website to substantiate that claim. Obviously, it's not there, or I'm
sure that you'd be very willing to talk about it.
I've been talking with self-professed vampires for over 11 years,
including some high-profile vampires. Many of them have been
honest with me, which I appreciate, and haven't tried to
bamboozle me with flashy websites which don't say much of
anything different than the 100+ vampire websites on the Internet.
The truth about vampirism is that not even the self-professed
vampires know what is happening to them. Some feel compelled
to drink blood; some to leech energy from others. They do it
because, if they don't, they become depressed. They'd like to
believe that it's an actual medical condition, because that's a
lot more palatable than believing they have parasites or
symbionts living in their bodies or that they are descended
from aliens or that they have mutated DNA or that they're
neurotic, psychotic, schizophrenic, and/or delusional. So far,
however, there is nothing to substantiate the claim that it is
an actual medical condition.
The vampires themselves want answers. What is it that makes
them crave blood and/or need to take energy from others or sink
into depressions? Most of the longtime vampires with whom
I've talked express the wish that they were not vampires,
were not caught up in the drink-depression-drink cycle or in
the constant hunt to find reliable donors.
With all due respect, there are no answers on your website for
Sorry. When you wrote:
>I have a website that explains it a hell of a lot better than I ever could.
>here's the link:
I took it to mean that YOU had a website...apparently, you meant to
say that you KNEW of a website...
> >I have a website that explains it a hell of a lot better than I ever could.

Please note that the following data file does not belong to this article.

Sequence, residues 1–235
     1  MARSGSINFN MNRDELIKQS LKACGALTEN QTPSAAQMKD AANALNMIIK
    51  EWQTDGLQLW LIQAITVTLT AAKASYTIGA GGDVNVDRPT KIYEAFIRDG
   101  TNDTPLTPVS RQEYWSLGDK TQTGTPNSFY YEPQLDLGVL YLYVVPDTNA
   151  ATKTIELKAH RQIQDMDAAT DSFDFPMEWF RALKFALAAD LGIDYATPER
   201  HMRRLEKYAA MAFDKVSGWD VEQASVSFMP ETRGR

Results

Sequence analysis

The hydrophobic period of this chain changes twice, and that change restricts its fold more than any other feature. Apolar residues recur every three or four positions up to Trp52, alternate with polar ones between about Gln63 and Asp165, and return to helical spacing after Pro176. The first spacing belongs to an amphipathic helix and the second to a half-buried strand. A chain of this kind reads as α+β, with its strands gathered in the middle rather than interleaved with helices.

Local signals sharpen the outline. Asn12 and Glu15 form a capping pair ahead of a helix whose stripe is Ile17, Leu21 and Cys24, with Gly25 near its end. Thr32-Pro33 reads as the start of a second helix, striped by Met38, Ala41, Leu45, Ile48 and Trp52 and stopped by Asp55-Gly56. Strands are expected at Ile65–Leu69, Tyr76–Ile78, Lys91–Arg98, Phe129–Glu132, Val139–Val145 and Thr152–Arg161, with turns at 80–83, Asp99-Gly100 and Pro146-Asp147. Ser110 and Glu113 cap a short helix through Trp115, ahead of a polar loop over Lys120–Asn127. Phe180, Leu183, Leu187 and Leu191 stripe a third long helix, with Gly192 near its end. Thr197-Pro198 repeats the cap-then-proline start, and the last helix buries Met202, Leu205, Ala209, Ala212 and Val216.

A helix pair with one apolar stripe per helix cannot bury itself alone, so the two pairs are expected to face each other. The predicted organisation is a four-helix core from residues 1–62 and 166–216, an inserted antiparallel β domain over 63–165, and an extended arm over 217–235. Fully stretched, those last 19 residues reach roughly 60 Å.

> >here's the link:
> I took it to mean that YOU had a website...apparently, you meant to
> say that you KNEW of a website...
Guess it depends on what the meaning of "have" is.... :)
Well, if it's not his/her website, s/he can't be held responsible for
the nonsense posted on it. What s/he CAN be held responsible
for is spreading the nonsense or, at the least, being stupid
enough not to ask questions before buying the nonsense hook,
line, and sinker.
At any rate, it's just another website on which the owner runs off
his/her mouth about what vampires do, can do, can't do, wanna do,
and how to do. Everything is couched in iffy words like "kinda"
or "could be" or "is thought to be." There is no information about
vampirism as an actual medication condition, other than the
standard warnings about diseases like HIV, and the condition
itself is referred to as "it," e.g., "'it' is diluted over
generations." The summation of it all is that "it" is a mystery,
and it's not nice to ask questions about mysteries or expect
About the only good advice on the website is that the owner
advises people to see a doctor first before concluding that they
Why is it that, when you are typing, the mind can see
"medical" but the fingers type "medication"?